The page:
IFRC


Typhoon Haiyan - Beneficiary profile: Irma Cruz Roasa

Published: 31 October 2014 17:54 CET

By Kate Marshall, IFRC

On November 8, 2013, the strongest typhoon to make landfall in recorded history, Typhoon Haiyan, struck the Philippines. A year later, the Red Cross and Red Crescent Movement’s recovery operation extends across a vast area of five island groups and an affected population of 16 million in more than 400 communities. The following are profiles on people served by the Red Cross Red Crescent as part of the operation.

Living next to the beach in south Tacloban for many decades, Irma Cruz Roasa, a retired director of nursing, is used to strong storms. Over her lifetime the city has been battered by bad weather. Despite this, she wasn’t prepared for what happened early on the morning of November 8 last year, when a large dredger washed up on the beach just two metres from her house.

“It had been raining all night and we knew it was a typhoon signal 3 (the second highest Philippine category of storm warning), but no-one understood what ‘surge’ meant.” Looking out the window that morning with Irma was her daughter, Helen. Helen had delivered a baby the night before at the hospital, but had decided not to stay overnight because she was worried about her mother. She had returned home, despite the bad storm.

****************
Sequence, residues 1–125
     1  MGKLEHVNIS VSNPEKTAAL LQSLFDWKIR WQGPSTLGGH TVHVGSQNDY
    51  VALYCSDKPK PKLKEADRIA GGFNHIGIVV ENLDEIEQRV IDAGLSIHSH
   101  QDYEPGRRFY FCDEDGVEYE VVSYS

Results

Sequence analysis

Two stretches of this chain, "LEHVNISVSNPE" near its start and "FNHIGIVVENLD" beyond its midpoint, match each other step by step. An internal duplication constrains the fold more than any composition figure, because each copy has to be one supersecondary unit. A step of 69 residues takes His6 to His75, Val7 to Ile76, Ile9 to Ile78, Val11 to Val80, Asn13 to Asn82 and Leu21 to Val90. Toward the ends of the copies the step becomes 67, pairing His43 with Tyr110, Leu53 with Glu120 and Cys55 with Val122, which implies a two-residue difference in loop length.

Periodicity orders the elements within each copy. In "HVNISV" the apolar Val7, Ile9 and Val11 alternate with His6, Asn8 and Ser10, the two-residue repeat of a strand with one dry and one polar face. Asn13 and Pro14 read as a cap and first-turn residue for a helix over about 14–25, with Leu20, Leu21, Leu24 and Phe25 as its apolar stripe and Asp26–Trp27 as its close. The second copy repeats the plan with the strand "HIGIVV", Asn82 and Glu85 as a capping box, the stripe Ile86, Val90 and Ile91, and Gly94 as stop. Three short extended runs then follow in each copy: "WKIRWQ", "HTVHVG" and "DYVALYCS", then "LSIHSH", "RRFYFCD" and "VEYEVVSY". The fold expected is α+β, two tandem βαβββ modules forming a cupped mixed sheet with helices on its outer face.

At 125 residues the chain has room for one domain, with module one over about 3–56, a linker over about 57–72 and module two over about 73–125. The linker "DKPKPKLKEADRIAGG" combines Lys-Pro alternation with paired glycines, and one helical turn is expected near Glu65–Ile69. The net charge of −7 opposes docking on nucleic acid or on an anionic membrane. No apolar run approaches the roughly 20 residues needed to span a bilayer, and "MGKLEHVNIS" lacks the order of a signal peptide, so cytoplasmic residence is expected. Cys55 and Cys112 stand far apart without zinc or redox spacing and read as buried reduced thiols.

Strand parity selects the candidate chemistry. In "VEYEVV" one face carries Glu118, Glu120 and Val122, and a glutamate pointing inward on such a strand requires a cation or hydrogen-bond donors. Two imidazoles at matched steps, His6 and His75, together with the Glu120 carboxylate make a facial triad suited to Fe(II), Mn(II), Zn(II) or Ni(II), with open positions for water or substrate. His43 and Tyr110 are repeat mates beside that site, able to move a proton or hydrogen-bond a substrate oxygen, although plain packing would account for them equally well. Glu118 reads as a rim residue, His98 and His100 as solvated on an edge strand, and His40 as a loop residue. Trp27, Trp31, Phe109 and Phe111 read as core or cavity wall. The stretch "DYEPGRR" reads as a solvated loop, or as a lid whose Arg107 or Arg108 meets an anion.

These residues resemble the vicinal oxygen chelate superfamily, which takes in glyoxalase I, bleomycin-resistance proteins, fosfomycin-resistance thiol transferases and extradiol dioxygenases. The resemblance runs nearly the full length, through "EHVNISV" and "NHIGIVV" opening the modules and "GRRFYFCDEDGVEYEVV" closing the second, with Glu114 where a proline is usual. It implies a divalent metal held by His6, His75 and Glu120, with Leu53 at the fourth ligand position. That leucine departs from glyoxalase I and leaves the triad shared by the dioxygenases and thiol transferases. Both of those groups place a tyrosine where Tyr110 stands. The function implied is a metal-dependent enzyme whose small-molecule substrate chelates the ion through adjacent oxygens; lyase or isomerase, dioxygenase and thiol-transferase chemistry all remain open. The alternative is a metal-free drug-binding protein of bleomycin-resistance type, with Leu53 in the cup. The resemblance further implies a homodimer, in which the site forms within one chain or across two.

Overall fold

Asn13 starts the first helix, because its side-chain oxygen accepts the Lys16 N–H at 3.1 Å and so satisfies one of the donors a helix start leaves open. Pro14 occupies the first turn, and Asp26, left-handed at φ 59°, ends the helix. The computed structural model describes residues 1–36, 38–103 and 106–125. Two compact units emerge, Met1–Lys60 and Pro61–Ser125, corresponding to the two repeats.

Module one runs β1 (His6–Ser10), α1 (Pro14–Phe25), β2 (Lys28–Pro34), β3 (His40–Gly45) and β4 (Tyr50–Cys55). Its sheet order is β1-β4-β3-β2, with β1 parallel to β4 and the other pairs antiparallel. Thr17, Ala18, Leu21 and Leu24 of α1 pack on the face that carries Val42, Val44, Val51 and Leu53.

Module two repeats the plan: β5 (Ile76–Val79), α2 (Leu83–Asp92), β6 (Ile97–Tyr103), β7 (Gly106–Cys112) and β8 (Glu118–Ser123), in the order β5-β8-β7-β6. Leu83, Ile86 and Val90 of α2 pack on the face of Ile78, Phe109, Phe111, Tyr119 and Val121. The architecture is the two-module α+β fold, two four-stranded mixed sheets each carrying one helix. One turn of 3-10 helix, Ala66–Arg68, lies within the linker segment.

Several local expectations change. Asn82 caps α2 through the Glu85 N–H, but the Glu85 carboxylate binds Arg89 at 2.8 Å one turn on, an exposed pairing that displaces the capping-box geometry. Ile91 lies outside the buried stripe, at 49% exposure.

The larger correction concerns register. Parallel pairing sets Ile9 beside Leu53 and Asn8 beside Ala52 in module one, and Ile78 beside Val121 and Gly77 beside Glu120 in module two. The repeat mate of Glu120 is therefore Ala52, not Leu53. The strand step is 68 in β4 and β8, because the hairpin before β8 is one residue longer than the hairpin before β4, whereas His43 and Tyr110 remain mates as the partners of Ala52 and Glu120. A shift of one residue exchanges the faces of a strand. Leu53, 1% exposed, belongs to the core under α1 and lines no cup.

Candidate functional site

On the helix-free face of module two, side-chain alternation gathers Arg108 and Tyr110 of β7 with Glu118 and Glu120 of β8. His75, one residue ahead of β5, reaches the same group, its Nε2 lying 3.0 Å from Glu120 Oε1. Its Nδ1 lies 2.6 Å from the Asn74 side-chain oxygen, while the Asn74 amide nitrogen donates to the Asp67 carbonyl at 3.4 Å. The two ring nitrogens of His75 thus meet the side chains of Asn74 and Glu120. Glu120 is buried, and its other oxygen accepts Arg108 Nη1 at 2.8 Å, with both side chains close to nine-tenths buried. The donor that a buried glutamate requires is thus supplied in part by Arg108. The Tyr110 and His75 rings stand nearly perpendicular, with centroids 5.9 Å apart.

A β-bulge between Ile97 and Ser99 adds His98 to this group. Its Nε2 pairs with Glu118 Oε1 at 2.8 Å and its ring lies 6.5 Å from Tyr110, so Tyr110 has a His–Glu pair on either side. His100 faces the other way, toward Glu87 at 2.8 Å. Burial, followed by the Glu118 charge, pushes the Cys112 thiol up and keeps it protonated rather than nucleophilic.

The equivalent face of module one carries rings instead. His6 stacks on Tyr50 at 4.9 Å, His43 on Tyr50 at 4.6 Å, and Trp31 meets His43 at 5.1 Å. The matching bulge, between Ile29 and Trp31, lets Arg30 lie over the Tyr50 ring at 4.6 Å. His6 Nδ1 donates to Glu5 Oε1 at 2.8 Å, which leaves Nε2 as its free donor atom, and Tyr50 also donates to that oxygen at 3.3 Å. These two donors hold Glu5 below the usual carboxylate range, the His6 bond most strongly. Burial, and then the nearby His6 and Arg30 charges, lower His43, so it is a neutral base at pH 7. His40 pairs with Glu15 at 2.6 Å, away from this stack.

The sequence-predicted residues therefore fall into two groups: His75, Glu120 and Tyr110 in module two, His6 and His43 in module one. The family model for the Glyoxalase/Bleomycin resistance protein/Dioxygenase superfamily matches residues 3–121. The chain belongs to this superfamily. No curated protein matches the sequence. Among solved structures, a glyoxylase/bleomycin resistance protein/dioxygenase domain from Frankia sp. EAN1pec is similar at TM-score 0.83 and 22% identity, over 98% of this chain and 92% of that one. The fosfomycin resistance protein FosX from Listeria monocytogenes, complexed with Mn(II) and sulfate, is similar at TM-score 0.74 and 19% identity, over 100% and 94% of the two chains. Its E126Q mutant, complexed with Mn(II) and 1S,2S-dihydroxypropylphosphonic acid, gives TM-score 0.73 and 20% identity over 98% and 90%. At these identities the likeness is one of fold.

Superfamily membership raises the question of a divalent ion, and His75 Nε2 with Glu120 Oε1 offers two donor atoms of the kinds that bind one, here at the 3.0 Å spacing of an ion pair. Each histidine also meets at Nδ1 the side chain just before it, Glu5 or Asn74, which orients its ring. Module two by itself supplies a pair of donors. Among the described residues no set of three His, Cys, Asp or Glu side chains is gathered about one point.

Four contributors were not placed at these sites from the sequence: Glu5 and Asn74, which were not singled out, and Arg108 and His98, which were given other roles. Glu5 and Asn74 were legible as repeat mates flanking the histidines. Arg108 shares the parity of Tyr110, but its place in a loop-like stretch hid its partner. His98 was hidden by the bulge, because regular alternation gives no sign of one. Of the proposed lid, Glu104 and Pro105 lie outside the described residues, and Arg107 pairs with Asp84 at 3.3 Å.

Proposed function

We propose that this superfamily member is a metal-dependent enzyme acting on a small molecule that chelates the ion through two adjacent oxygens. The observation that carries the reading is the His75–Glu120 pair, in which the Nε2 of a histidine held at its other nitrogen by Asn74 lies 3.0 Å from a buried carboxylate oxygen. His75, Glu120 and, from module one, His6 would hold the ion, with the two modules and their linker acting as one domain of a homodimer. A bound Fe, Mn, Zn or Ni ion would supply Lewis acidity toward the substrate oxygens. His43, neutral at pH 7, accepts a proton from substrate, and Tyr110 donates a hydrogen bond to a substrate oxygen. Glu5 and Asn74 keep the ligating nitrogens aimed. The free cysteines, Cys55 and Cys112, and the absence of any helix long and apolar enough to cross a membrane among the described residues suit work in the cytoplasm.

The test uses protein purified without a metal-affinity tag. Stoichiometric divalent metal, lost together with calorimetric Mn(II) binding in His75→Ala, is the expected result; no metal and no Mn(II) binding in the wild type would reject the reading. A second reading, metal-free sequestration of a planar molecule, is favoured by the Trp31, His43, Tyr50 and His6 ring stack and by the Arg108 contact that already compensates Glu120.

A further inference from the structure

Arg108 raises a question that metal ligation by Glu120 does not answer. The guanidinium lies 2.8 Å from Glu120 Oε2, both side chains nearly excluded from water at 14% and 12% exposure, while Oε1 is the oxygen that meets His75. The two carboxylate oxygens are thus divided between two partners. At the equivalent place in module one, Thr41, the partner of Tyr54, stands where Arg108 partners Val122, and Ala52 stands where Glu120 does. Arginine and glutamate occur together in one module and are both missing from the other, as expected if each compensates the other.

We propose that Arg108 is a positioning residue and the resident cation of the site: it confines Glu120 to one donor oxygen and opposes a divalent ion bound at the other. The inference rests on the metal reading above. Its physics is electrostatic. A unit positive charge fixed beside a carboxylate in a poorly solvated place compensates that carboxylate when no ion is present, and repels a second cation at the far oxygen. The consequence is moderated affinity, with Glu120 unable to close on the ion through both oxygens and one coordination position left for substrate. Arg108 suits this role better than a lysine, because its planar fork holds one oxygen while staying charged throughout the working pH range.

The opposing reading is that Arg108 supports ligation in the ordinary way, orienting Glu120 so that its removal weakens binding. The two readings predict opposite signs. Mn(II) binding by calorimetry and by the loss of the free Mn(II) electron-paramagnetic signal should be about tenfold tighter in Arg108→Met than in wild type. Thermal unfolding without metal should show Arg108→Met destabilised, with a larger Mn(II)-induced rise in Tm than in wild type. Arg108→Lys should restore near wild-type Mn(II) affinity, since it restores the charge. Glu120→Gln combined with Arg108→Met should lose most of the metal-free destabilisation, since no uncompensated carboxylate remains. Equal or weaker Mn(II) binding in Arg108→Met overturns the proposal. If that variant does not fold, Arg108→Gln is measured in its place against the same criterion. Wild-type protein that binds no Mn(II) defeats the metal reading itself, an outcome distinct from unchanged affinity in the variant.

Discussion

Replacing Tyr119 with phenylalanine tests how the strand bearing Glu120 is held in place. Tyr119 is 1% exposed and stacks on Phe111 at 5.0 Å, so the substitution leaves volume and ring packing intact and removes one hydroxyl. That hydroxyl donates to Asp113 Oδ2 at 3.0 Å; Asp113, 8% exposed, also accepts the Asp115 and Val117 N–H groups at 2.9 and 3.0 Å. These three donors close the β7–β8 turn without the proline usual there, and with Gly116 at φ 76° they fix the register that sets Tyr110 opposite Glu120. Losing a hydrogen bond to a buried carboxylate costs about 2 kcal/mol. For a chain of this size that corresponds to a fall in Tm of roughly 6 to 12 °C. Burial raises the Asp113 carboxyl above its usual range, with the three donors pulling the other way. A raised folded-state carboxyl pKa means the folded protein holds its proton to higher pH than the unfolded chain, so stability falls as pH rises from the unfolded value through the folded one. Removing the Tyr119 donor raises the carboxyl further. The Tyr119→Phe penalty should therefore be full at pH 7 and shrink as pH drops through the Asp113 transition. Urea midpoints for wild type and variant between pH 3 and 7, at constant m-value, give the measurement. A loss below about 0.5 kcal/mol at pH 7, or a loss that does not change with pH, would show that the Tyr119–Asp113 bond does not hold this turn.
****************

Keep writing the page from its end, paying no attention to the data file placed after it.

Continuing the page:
The storm intensified overnight – water came pouring through the door so fast that they barely had time to react. It rapidly reached the upper floor, taking all the furniture with it. "We could hear the wind howling and the most of the roof came off... The next thing we knew, we saw a dredger outside! We thought it was a rescue ship sent by the Department of Works and Highways, but then we could hear people on the boat shouting at us to jump.

“One of the house helpers kicked through the ceiling. We all got to the roof and I remember standing there in gale-force winds, holding on to the trusses as we waited for the wind to calm. My daughter Helen was the last one to come up. Even though neither of us could swim, we somehow managed to clamber aboard the boat.

“We were there for five hours with all these other people. It was very cold and wet. By the time we left the boat about 200 people had arrived.”

The first few months after the typhoon were extremely harrowing. “That time was sad and unforgettable. Everyone was affected, rich and poor. Dengue was rife because there weren’t enough people to collect garbage”, recalls Irma. And what of the ‘Noah’s Ark’ that sheltered them from the storm? A year after Haiyan, it’s still beside the house. “I wonder how they will remove it?” asks Helen.




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